BOULDER, Colo., Sept. 15, 2011 /PRNewswire/ -- Courage, commitment, compassion, creativity. These are the qualities that bestselling children's book author T.A. Barron instills in his heroic fictional characters, and the same traits he recognizes in the recipients of his Gloria Barron Prize for Young Heroes.
Each year, the Barron Prize for Young Heroes honors 25 young leaders (10 winners and 15 finalists), ages 8 to 18, who have planned and executed significant projects to make a difference in the lives of others and/or the environment. The top ten winners each receive a cash prize of $2500 for their education or service project.
"I've always believed that our country's youth has the power to change the world," says T.A. Barron, "and year after year they prove me right. I am incredibly impressed by the range and scope of their accomplishments. I also feel that the best way to show young people that they can make a difference is by sharing examples of what others have done. In that sense, the Barron Prize becomes a wonderful, continuous chain of highlighting what the amazing honorees have achieved and inspiring more kids to do the same."
For the first time in honor of its 10th year, the Gloria Barron Prize for Young Heroes has named 11 winners. They are:
Christina Antonini, age 18, Edgewater, MD
Christina led a team of Girl Scouts who worked for six years to build a $275,000 boutique at a long-term residential treatment facility that provides drug and alcohol rehabilitation and job training to low-income women.
Eric and Christina Bear, ages 11 and 13 (siblings), Golden, CO
In October 2010, Christina and Eric launched the Radon Awareness Project (RAP) with the mission of educating the public on the dangers of radon and the importance of testing for it. Radon is the leading cause of lung cancer in non-smokers, accounting for an estimated 21,000 deaths each year.
Olivia Bouler, age 11, Islip, NY
Olivia, an avid birdwatcher and talented artist, was heartbroken when she heard of the April 2010 BP oil spill. She created bird drawings to give to people who donated to wildlife recovery efforts. Olivia has donated 500 original drawings and thousands of limited edition prints, raising more than $200,000 for the Audubon Society and other groups working on oil spill recovery efforts.
Kendall Ciesemier, age 18, Wheaton, IL
She founded Kids Caring 4 Kids, a non-profit that inspires children in the U.S. to raise money to help kids in Africa. So far, she has inspired 7,000 U.S. kids to raise almost $900,000 for children in Africa. The money goes toward schools, food, clean water and health clinics.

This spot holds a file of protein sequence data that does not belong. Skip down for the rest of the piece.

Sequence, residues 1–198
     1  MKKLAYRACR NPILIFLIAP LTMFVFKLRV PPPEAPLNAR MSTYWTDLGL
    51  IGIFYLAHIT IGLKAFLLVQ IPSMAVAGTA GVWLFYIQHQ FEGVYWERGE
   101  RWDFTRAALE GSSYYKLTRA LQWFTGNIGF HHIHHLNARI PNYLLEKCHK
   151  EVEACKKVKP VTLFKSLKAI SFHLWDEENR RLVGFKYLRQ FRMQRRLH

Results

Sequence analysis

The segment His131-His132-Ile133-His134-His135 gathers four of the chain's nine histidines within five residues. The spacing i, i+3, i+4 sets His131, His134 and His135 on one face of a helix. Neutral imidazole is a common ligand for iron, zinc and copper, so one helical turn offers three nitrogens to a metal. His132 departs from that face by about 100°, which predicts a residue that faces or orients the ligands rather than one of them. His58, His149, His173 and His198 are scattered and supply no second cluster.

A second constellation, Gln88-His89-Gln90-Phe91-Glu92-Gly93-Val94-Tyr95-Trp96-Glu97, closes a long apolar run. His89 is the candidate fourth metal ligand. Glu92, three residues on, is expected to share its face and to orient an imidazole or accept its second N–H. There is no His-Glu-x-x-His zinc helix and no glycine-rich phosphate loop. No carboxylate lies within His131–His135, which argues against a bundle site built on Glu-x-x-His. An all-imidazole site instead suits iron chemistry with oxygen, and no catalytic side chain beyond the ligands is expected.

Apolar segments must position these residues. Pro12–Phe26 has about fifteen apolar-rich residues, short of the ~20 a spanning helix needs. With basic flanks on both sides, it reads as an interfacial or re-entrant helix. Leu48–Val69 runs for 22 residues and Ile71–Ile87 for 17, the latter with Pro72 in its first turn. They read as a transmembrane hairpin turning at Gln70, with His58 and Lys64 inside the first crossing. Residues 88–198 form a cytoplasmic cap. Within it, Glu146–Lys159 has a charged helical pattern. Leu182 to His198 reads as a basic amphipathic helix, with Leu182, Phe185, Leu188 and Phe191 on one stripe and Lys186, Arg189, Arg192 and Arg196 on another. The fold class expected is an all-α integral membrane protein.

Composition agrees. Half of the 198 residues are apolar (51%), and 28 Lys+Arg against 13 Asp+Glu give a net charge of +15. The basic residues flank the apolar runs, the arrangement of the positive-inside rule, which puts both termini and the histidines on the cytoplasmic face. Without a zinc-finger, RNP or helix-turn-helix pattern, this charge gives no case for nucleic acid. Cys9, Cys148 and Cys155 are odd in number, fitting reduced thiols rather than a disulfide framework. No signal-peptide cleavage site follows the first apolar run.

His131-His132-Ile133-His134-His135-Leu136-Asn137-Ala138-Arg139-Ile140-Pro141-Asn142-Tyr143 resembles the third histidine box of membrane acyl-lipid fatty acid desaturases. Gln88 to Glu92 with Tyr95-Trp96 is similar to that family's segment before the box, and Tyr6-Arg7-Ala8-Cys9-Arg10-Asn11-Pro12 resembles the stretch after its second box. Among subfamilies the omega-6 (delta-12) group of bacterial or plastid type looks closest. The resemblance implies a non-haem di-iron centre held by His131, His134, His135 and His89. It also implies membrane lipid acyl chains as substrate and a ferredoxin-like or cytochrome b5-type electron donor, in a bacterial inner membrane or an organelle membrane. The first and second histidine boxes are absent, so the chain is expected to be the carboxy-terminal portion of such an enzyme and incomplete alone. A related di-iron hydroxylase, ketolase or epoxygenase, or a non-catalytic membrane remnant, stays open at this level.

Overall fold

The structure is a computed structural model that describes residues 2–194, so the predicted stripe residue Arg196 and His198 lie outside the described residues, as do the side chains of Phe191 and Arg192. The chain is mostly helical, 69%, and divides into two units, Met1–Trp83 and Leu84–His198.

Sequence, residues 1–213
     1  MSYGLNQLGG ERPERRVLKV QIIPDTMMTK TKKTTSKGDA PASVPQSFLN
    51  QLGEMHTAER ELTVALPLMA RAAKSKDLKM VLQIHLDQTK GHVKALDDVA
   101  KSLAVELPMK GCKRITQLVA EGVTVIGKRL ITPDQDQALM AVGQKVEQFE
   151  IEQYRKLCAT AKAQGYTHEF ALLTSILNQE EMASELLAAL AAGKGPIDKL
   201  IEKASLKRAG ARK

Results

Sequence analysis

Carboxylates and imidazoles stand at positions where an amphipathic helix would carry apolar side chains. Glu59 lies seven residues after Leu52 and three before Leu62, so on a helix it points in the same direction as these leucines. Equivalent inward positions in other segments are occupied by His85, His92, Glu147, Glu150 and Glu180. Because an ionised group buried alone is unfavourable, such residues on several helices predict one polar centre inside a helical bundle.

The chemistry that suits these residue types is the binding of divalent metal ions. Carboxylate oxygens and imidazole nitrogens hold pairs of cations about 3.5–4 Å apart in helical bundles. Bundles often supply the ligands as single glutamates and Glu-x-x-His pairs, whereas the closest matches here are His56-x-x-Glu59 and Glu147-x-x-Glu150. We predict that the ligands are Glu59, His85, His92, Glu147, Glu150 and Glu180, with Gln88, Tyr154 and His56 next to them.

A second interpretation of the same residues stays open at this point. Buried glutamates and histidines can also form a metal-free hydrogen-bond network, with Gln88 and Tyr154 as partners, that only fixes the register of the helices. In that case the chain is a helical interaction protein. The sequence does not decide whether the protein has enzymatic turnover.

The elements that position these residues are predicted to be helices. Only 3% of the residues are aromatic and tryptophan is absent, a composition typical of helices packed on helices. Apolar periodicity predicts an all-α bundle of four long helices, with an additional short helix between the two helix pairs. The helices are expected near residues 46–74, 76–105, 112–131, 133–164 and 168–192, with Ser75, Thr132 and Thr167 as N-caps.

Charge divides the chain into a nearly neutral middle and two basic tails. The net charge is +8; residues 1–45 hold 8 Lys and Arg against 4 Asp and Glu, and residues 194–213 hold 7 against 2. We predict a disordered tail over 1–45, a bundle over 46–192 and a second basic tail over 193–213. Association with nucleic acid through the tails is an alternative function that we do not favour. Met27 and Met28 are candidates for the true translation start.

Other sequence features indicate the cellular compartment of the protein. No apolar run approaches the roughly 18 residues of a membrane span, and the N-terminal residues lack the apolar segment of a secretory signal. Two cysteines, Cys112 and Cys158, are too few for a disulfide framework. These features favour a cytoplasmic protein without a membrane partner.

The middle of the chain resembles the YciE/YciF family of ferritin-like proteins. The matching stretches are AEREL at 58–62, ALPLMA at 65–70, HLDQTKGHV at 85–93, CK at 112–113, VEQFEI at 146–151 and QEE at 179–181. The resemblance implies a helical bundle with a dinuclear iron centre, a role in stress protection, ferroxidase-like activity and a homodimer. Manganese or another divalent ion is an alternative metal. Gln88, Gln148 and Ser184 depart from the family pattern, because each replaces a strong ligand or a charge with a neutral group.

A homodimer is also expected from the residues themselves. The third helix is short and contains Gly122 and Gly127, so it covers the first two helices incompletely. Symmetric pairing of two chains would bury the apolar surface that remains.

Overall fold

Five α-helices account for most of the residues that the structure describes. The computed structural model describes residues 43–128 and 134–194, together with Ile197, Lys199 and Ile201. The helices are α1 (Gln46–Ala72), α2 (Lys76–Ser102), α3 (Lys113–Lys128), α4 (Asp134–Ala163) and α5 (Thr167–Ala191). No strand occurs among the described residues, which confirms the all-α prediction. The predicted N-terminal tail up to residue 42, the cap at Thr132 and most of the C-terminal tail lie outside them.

Jonny Cohen, age 15, Highland Park, IL
Jonny invented GreenShields, a polycarbonate shield that attaches to the front of school buses, making the buses more aerodynamic and more fuel efficient. On its first test run, Jonny's GreenShield reduced gas consumption by nearly 30%.
Blakely Colvin, age 17, Solvang, CA
She created Cupcakes for Cancer, an organization that bakes and sells cupcakes to raise money to help kids with cancer. So far, she has raised $80,000 to help fund pediatric cancer research, offset expenses for families whose kids are fighting cancer, and to grant seven sick children wishes through the Make-A-Wish Foundation. Blakely was inspired by her own diagnosis at age 7 with a rare auto-immune disease, which required years of chemotherapy.
Jeffrey Hanson, age 17, Overland Park, KS
Six years ago, as an 11-year-old, Jeff was going blind from an optic nerve tumor caused by a genetic condition called neurofibromatosis. During chemotherapy and radiation, he began painting and selling note cards as a pastime and then for charity, and raised over $13,000 for neurofibromatosis research. Since then, he has been creating original works on canvas, which have generated over $355,000 for charities around the world.
Manasvi Koul, age 18, Waxhaw, NC
Manasvi created the LIVEbeyond Foundation to educate, motivate, and recruit bone marrow donors. In two years, she has registered more than 500 people -- all potential life savers. She is passionate about her work because of her diagnosis with cancer of the lymphatic system at age 12.
Will Lourcey, age 8, Ft. Worth, TX
Will founded FROGS: Friends Reaching Our Goals, a group made up of eleven 8-year-old boys who are raising awareness and money for the hungry in their community. So far they have raised over $12,000 for the local food bank.
Rhiannon Tomtishen, age 15, Madison Vorva, age 16, Ann Arbor, MI
In 2006, the girls started Project ORANGS (Orangutans Really Appreciate and Need Girl Scouts) for a Girl Scout award to raise awareness about the endangered orangutan. In the process, they discovered that the production of palm oil was resulting in rainforest destruction and threatening the orangutan's survival. They then began a crusade to remove palm oil from Girl Scout cookies.
Rujul Zaparde, age 16, Plainsboro, NJ
Rujul founded Drinking Water for India to increase access to clean water in remote, rural communities in India. He has inspired and mobilized over 450 students in 23 U.S. schools to start local chapters of his organization. Chapters fundraise to provide $1,000 tube wells for remote villages in India. They have built 47 wells thus far.
The winners of the Barron Prize Award, both past and present, represent the great diversity of America. They are female and male, urban and rural, and from varied backgrounds. The Barron Prize for Young Heroes is in association with National Geographic Education Foundation; the Jane Goodall Institute; Youth Service America; and Student Conservation Association. For more information on the Barron Prize for Young Heroes, visit the Web site at www.barronprize.org or www.tabarron.com.
SOURCE Gloria Barron Prize for Young Heroes